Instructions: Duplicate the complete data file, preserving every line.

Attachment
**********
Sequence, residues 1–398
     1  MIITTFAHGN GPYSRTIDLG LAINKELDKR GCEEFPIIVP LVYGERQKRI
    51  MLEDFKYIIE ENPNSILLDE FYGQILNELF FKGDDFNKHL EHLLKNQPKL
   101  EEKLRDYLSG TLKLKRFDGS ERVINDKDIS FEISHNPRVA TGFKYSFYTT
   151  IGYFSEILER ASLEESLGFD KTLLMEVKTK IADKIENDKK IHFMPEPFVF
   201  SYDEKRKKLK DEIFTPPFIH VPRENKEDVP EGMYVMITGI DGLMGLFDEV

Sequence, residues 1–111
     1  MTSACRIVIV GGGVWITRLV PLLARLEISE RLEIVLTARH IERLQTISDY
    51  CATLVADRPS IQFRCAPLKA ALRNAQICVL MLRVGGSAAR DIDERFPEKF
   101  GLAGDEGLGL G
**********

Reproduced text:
Sequence, residues 1–398
     1  MIITTFAHGN GPYSRTIDLG LAINKELDKR GCEEFPIIVP LVYGERQKRI
    51  MLEDFKYIIE ENPNSILLDE FYGQILNELF FKGDDFNKHL EHLLKNQPKL
   101  EEKLRDYLSG TLKLKRFDGS ERVINDKDIS FEISHNPRVA TGFKYSFYTT
   151  IGYFSEILER ASLEESLGFD KTLLMEVKTK IADKIENDKK IHFMPEPFVF
   201  SYDEKRKKLK DEIFTPPFIH VPRENKEDVP EGMYVMITGI DGLMGLFDEV

Sequence, residues 1–111
     1  MTSACRIVIV GGGVWITRLV PLLARLEISE RLEIVLTARH IERLQTISDY
    51  CATLVADRPS IQFRCAPLKA ALRNAQICVL MLRVGGSAAR DIDERFPEKF
   101  GLAGDEGLGL G